The event at Haberdashers’ (‘Any Questions?’) happened to be to the same day on which the Chancellor of the Exchequer released his report of the 2016 budget. This provoked the opportunity to hear different conservative views on the government’s decisions (as many of the guests followed that alignment) and the contrasting and more, supposedly, controversial statements. It was questioned, by someone of my sixth form’s body, why austerity was still a tactic being used by the government when it had done no good in for the past six years; Dowden and Parris both stated that they opposed such a statement and essentially, that it had done wonders (even minimally) for the United Kingdom. Dr Ellie Canon opposed this opinion, stating that residents of the area of Camden, North London, would walk into the Doctor’s surgery not only with the medical condition they were seeking treatment for, but full of an exhaustion caused by unsolved poverty in the thriving area. This also came of relevance to the issue of the proposed sugar tax, when it was stated that sugary drinks weren’t the issue for illnesses, solely, and that, once more, it was a policy beneficial to only the more wealthy classes; This was justified due to the fact that sugary drinks are cheaper, therefore being the influence of purchase by families with a lesser amount of money to spend, so this tax would only plunge the country into greater poverty as they would still be a cheaper option, and families with more money are more able to afford the healthier alternative. I do very much agree with these views of Dr Cannon, and she also highlighted the need for equality within medical care (i.e. Highlighting the importance of a sufficient amount of money designated for Mental Health services). The views that she presented ensured that she soon gained an awful lot respect from me and my peers.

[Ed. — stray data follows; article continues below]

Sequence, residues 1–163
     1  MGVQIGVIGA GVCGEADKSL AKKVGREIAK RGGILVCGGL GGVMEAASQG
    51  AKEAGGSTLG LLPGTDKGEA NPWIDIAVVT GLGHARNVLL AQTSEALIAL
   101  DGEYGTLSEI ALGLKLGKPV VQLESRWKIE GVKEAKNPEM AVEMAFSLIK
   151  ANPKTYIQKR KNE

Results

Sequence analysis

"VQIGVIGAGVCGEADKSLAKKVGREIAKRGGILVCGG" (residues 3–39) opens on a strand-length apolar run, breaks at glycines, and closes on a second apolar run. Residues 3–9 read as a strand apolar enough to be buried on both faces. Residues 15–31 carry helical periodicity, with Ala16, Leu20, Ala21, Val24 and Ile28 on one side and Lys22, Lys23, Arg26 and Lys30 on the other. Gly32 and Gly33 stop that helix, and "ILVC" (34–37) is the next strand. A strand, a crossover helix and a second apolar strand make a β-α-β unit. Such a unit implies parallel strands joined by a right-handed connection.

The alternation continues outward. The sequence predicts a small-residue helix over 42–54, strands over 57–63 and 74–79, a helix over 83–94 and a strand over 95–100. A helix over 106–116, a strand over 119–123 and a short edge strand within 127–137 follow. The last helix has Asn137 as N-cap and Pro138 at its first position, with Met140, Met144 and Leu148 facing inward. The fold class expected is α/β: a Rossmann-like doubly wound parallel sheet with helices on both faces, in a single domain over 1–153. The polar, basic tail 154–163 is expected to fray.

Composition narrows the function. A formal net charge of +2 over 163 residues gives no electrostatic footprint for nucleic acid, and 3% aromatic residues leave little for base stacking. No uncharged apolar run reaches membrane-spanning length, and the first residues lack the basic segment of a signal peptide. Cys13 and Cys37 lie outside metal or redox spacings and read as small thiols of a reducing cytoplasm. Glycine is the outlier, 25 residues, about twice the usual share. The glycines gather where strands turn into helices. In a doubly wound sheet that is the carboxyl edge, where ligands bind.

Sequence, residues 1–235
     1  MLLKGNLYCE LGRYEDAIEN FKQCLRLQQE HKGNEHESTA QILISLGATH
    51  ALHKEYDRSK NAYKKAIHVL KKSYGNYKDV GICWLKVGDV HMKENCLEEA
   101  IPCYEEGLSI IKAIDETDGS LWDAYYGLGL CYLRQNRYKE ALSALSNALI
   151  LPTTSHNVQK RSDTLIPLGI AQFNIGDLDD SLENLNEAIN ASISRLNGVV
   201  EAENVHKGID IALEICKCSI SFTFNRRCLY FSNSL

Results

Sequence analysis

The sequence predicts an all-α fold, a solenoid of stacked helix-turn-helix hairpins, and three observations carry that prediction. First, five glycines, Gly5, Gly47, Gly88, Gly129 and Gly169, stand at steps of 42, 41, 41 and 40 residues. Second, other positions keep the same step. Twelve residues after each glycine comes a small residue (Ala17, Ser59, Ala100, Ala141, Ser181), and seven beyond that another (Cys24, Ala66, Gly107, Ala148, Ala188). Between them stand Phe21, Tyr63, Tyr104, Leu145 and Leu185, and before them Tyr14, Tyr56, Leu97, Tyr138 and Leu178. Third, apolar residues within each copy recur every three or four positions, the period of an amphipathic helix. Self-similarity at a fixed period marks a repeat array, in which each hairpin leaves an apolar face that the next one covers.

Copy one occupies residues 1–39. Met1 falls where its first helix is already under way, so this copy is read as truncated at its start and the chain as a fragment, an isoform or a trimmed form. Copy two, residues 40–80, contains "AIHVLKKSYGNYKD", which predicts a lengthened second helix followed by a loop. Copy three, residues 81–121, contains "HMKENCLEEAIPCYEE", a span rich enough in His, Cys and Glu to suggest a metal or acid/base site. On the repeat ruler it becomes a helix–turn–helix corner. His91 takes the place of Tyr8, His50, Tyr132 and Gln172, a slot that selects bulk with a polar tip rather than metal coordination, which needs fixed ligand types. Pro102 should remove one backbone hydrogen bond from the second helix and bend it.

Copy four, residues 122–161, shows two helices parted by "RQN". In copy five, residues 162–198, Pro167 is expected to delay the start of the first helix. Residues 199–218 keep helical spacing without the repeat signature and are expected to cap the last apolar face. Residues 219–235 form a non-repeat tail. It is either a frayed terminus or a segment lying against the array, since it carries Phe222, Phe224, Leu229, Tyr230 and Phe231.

Aside my luck in being present in these events, there were many other things that have made the beginning of 2016 politically rich. And no, that was not an intended pun about the income of politicians…